Back in the Missionary Training Center in Provo one of my favorite activities was Scripture chase. Sometimes when we finished our lesson early, we’d play a few rounds. Someone would start reading a verse, and the first person who found it would continue reading and/or give the reference, and then it would be their turn. Usually we played it with the Book of Mormon, and I suprisingly wasn’t awful at it. I say surprisingly, because unlike the rest of my district I had only read the BoM in a different language and only maybe twice in its entireity. I, however, had the weirdest memories of page layouts and verses relative locations to each other. It somehow translated to a different edition in a different language pretty well.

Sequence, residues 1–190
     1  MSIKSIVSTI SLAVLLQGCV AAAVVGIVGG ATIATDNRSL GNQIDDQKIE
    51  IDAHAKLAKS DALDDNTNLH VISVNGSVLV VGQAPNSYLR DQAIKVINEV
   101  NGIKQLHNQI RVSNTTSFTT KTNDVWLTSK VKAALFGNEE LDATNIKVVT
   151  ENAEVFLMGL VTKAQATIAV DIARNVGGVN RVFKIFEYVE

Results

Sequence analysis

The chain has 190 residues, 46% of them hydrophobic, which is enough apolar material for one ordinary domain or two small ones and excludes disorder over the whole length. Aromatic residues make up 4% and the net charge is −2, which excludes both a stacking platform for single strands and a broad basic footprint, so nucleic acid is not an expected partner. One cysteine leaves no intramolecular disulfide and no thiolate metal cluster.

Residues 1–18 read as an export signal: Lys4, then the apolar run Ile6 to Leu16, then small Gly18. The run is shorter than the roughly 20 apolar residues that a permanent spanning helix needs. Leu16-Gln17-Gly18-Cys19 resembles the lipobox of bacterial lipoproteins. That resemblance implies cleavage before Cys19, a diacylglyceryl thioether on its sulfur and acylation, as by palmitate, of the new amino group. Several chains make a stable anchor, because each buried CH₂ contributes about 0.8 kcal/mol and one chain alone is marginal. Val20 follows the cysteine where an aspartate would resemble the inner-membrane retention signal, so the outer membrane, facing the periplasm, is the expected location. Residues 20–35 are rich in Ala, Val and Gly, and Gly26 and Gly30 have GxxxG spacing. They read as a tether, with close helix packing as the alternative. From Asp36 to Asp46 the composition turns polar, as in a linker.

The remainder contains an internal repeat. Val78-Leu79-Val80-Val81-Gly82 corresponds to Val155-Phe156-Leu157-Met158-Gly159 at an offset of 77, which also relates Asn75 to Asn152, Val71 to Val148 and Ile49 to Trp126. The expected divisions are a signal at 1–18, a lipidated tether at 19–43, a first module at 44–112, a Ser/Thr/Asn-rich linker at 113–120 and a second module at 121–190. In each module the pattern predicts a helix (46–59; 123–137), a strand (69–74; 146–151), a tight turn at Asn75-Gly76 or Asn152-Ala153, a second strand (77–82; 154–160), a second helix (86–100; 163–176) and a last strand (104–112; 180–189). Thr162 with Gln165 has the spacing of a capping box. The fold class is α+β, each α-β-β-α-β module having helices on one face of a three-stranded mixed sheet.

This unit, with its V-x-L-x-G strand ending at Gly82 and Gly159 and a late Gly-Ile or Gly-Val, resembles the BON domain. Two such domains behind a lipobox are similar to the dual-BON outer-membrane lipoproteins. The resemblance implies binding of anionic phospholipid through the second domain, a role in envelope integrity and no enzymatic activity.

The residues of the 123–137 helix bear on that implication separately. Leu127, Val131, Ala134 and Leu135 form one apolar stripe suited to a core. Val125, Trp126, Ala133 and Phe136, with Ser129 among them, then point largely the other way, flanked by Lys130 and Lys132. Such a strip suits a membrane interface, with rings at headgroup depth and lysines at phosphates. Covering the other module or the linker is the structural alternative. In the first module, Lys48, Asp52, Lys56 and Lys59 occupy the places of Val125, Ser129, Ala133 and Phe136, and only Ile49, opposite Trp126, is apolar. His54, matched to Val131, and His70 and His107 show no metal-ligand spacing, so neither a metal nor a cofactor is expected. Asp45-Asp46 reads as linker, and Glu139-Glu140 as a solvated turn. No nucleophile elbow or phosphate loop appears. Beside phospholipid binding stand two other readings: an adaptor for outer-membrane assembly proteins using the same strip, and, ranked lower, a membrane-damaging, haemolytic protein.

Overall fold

I loved this activity because I learned a lot from it. I learned new verses, but even more, I learned a lot about my fellow missionaries from the verses they chose. Some relied on their seminary knowledge. Some were more adventorous. Some chose verses they thought would be challenging to find. The texts we chose revealed our mood, our focus, our attitude that day.
Now I’m doing a different kind of scripture chase. Earlier this month a wonderful friend of mine visited Budapest, and I asked him to mark some verses in my BoM. He did, and now as I’m reading through the Book of Mormon I am looking for the verses in yellow. When I find one I write it down, and while I do that, I think about what that verse tells me about him–and about myself. Despite my obvious disbelief, reading scriptures has been an important thing for me, in my quest for faith. Sometimes, however, it has become a rote task: read a certain number of chapters or pages, and get through the 600+ pages. Looking for those verses left for me by my friend has added a new layer of motivation in searching for more than just yellow pencil marks.